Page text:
BBB seminar: Clive R. Bramham
Arc as a master regulator of synaptic plasticity: toward a molecular understanding of how the brain works
Clive R. Bramham
Department of Biomedicine and K.G. Jebsen Centre for Neuropsychiatric Disorders, University of Bergen
Research in my lab in the Neuroscience Research Group focuses on the molecular control and cell biological organization of long-term synaptic plasticity in the mammalian brain. Synaptic plasticity is essential for brain development and maturation, learning and memory, cognitive flexibility and adaptation. Synaptic plasticity is the means by which neural activity patterns (neuronal firing) maintain or change neural circuit properties. The study of synaptic plasticity is crucial to explaining how subcellular control systems impact brain function and dysfunction.
Our current efforts focus on Arc – a neuronal activity-dependent gene and pivotal regulator of synaptic plasticity. But what is Arc protein? How does it work? Recent work has provided surprising insights into the structural and biochemical properties of the Arc protein. Inside the neuron, Arc is a protein interaction hub and dynamic regulator of synaptic plasticity. In radical contrast, Arc protein can also self-assemble into retrovirus-like capsids that are released in extracellular vesicles and capable of intercellular transfer of RNA. Resolving this dichotomy is of major importance for understanding how neuronal activity shapes connectivity in neural networks.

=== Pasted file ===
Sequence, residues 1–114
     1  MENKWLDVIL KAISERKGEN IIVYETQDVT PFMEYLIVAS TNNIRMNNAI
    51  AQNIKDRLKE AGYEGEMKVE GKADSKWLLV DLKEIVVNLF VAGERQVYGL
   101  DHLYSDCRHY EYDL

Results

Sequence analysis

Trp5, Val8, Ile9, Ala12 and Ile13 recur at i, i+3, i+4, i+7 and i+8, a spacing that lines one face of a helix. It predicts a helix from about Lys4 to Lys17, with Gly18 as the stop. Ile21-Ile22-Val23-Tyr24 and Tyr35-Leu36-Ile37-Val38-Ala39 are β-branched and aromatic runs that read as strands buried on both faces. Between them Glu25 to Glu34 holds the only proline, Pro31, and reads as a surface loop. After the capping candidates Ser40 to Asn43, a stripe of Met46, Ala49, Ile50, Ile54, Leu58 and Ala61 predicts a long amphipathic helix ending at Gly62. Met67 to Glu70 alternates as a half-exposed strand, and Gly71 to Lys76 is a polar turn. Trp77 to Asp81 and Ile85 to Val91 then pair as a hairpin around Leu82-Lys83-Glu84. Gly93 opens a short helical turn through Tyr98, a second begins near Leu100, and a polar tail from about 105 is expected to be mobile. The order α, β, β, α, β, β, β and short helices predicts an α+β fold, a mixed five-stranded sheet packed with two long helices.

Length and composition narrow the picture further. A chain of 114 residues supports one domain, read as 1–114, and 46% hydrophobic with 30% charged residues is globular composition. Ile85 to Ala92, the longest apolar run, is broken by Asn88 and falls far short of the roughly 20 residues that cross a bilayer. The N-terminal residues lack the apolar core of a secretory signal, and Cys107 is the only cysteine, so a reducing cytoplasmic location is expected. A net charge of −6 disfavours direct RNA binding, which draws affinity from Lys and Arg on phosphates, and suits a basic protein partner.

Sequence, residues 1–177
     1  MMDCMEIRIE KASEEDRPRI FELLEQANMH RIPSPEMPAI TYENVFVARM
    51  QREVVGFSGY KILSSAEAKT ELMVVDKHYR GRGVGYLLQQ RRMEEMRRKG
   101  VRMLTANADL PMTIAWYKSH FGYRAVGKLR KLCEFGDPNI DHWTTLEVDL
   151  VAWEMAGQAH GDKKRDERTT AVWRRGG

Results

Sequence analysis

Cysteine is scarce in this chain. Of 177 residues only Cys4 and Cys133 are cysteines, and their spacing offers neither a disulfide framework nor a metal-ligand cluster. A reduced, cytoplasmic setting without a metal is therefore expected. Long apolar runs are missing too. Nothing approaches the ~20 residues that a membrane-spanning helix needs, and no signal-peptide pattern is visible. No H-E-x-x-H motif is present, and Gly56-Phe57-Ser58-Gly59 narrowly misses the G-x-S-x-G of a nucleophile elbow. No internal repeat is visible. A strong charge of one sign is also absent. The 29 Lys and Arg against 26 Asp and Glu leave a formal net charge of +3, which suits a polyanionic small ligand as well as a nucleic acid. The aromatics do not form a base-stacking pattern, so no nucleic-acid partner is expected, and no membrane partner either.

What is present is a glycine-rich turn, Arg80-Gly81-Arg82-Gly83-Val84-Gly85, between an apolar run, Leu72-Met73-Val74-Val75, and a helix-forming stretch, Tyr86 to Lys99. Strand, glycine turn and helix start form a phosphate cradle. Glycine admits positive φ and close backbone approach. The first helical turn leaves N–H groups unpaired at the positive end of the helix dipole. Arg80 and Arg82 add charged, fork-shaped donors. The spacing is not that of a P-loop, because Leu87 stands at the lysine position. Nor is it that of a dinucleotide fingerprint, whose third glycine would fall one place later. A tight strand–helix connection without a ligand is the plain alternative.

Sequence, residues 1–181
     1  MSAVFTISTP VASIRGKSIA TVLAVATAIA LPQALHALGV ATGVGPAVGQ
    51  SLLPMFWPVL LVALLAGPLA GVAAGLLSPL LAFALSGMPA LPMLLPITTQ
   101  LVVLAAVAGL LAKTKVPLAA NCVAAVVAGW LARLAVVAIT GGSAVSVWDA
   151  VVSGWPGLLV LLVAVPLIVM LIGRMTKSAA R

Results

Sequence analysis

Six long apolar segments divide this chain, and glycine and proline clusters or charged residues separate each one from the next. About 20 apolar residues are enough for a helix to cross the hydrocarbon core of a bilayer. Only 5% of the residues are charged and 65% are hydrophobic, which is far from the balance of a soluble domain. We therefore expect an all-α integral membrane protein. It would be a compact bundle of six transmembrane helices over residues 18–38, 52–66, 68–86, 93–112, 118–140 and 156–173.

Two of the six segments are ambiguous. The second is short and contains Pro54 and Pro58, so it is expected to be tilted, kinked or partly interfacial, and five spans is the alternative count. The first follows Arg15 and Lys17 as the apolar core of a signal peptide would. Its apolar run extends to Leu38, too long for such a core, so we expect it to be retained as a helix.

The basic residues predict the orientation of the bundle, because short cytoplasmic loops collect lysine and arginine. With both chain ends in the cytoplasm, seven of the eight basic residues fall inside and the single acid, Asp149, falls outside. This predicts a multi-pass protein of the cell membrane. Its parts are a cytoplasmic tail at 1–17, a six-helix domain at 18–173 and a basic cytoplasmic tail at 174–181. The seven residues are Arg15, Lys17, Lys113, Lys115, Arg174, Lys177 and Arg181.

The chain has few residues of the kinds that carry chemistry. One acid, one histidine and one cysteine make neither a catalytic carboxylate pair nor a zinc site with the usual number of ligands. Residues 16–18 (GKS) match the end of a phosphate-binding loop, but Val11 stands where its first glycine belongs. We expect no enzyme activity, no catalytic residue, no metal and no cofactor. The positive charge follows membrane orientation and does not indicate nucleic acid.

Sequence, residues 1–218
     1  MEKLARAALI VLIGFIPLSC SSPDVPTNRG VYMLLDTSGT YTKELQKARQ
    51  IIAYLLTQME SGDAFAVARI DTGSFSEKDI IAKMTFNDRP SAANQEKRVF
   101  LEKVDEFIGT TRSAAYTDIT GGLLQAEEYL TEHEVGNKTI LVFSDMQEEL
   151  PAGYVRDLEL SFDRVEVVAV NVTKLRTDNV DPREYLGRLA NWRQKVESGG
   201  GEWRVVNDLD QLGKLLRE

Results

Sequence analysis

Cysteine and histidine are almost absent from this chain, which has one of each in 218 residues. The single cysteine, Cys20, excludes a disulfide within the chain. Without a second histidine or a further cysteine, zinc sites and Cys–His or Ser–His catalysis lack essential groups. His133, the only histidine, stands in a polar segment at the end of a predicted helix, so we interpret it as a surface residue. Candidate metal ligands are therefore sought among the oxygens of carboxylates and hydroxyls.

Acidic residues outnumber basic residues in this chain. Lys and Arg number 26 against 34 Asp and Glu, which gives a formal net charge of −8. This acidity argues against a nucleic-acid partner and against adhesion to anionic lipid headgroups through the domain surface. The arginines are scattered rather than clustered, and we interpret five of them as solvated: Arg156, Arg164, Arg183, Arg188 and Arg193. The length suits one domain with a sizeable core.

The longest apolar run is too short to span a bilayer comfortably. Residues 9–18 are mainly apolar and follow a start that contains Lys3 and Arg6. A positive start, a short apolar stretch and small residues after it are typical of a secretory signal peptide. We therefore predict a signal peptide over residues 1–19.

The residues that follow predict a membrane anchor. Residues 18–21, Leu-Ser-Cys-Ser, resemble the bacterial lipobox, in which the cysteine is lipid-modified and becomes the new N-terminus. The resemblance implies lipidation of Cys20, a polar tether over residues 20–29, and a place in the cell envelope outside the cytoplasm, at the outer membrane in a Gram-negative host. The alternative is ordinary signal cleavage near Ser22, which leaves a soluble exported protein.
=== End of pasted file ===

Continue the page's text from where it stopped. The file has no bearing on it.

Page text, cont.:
Chairperson: Aurora Martinez, Department of Biomedicine